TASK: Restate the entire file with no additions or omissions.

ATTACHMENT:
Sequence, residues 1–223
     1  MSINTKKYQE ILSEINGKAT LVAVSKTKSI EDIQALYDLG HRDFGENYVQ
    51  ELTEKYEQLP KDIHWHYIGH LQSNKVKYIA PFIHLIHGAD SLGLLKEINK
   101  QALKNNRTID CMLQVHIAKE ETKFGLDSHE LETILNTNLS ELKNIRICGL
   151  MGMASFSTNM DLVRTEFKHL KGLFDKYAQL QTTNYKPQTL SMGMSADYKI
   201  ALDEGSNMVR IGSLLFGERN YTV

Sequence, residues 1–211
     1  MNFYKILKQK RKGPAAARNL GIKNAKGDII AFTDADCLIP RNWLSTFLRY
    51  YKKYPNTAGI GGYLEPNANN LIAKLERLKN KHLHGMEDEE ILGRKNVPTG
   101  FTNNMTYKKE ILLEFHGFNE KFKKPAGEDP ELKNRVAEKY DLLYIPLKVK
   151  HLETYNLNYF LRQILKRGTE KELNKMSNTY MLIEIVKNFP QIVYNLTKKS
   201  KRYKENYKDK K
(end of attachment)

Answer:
Sequence, residues 1–223
     1  MSINTKKYQE ILSEINGKAT LVAVSKTKSI EDIQALYDLG HRDFGENYVQ
    51  ELTEKYEQLP KDIHWHYIGH LQSNKVKYIA PFIHLIHGAD SLGLLKEINK
   101  QALKNNRTID CMLQVHIAKE ETKFGLDSHE LETILNTNLS ELKNIRICGL
   151  MGMASFSTNM DLVRTEFKHL KGLFDKYAQL QTTNYKPQTL SMGMSADYKI
   201  ALDEGSNMVR IGSLLFGERN YTV

Sequence, residues 1–211
     1  MNFYKILKQK RKGPAAARNL GIKNAKGDII AFTDADCLIP RNWLSTFLRY
    51  YKKYPNTAGI GGYLEPNANN LIAKLERLKN KHLHGMEDEE ILGRKNVPTG
   101  FTNNMTYKKE ILLEFHGFNE KFKKPAGEDP ELKNRVAEKY DLLYIPLKVK
   151  HLETYNLNYF LRQILKRGTE KELNKMSNTY MLIEIVKNFP QIVYNLTKKS
   201  KRYKENYKDK K